Perched upon the River Tummel is Pitlochry Dam, part of the Tummel Valley’s hydro scheme which is made up of 9 power stations and 4 major dams.
The Tummel Valley was one of the first regions in Scotland to be developed for hydroelectric power in the 1930s and today produces renewable energy for the area.
As well as providing clean energy for this part of Scotland, Pitlochry Dam and its adjacent Visitor Centre are a popular tourist attraction in Perthshire.
In this article I aim to tell you everything you need to know about visiting Pitlochry Dam.
You may also be interested in my other Perthshire guides on the stunning Tay Forest Park – of which Pitlochry is a part of – and the picturesque Falls of Bruar which are just a short drive from Pitlochry Dam.
In This Guide
- What is Pitlochry Dam?
- How does Pitlochry Dam work?
- Pitlochry Dam History
- Who Built Pitlochry Dam?
- The Pitlochry Dam Fish Ladder
- Pitlochry Dam Visitor Centre
- Planning Your Visit to Pitlochry Dam
- Pitlochry Dam Circular Walk
- Other Things to Do in Pitlochry
- Where to Stay in Pitlochry
- Final Thoughts: Is Pitlochry Dam Worth Visiting?
Pitlochry Dam Quick Facts
Coordinates: 56°41’58.4″N 3°44’24.0″W
Walk difficulty: Easy
Shortest walk length (return): 20 minutes
Operated by: SSE
Dog-friendly: Yes (including in the Visitor Centre)
Best time of year to visit: Spring or summer provide the best opportunities to see fish in the fish ladder.
Best time of day to visit: Any time of day
Entry costs: Free
Car park costs: Free
Opening times: Between 10am and 4:30pm on all days excluding Mondays. Closed on Tuesdays during the winter months.
Food: Visitor Centre has a café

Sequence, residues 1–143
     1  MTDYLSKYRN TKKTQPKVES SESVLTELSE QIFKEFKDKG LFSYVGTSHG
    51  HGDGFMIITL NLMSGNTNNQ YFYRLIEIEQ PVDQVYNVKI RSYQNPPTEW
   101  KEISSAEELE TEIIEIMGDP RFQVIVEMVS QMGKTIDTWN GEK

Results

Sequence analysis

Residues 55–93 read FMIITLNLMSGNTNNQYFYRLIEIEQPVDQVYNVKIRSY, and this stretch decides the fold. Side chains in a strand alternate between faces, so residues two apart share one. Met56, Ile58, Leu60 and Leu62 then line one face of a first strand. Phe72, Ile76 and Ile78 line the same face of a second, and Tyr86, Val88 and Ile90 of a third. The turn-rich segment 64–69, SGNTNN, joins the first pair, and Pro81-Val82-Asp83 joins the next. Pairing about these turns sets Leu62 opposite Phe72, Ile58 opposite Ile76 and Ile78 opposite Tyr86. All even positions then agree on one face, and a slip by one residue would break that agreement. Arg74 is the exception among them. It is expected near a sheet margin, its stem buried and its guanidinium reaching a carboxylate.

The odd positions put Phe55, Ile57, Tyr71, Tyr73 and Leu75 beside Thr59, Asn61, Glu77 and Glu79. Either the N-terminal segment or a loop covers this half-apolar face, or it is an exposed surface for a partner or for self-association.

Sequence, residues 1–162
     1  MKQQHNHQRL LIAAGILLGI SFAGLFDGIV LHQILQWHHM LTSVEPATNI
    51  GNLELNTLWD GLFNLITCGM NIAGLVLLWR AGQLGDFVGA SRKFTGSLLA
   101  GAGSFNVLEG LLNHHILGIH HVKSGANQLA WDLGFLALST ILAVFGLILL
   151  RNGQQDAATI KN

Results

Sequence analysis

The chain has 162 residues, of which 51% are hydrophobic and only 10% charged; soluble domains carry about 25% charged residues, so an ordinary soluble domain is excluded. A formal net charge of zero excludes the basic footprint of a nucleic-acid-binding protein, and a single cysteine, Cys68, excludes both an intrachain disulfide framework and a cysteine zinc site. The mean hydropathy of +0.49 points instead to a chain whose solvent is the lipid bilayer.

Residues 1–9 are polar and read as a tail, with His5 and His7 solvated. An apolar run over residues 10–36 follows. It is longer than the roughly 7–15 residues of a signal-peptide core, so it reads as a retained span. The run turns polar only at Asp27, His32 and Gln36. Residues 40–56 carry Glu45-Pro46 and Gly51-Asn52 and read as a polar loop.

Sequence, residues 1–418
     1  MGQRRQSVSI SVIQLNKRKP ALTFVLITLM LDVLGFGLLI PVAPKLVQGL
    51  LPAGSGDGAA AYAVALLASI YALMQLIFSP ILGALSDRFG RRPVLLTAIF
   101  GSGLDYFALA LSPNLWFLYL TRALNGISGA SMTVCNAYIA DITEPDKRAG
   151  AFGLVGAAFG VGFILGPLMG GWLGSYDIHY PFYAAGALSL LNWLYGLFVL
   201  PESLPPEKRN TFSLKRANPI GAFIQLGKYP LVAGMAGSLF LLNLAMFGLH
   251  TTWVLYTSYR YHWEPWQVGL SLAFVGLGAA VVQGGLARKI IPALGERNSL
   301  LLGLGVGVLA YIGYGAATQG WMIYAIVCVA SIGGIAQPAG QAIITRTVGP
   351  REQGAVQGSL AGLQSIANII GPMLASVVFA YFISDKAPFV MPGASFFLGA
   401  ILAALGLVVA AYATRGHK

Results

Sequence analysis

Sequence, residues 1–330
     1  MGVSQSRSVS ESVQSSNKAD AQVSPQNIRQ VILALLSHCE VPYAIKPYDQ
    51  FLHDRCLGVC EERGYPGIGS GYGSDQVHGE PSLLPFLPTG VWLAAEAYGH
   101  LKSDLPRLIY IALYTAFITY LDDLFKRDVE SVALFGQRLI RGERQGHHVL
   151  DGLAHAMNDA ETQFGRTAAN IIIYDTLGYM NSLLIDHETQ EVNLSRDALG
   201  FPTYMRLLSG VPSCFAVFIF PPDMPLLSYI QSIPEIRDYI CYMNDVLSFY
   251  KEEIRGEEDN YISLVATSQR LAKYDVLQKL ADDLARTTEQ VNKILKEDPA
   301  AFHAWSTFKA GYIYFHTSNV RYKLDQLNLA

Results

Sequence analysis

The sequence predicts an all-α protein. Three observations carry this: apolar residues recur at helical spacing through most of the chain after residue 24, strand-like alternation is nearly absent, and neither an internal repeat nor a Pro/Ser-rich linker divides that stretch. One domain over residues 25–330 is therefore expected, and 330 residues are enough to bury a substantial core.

What is Pitlochry Dam?
Pitlochry Dam is part of Scotland’s pioneer hydroelectric schemes and a fantastic example of the fusion between nature and energy creation. The grand structure is both a power station and a dam.
Construction of the dam started in 1949, part of an ambitious scheme to create 78 dams and 54 power stations across the Scottish Highlands.
Pitlochry Dam is one of nine power stations that were constructed in the Tummel Valley hydroelectric scheme. It has two turbines which supply electricity for 15,000 homes.
As well as being a working power station, Pitlochry Dam is a popular destination for visitors in the Perthshire area. Not only is it awe-inspiring to stand atop the dam and witness thousands of gallons of water gushing out of the dam, but this activity is completely free of charge, providing an ideal day trip for travellers sticking to a budget. You can see more budget travel destinations on Lottoland.
The energy complex has a complimentary visitor centre which overlooks the dam. Here you can learn more about the power station and its fish ladder as well as grab a bite to eat at the café.
Good to Know! The same water can pass through electricity-generating turbines up to five times.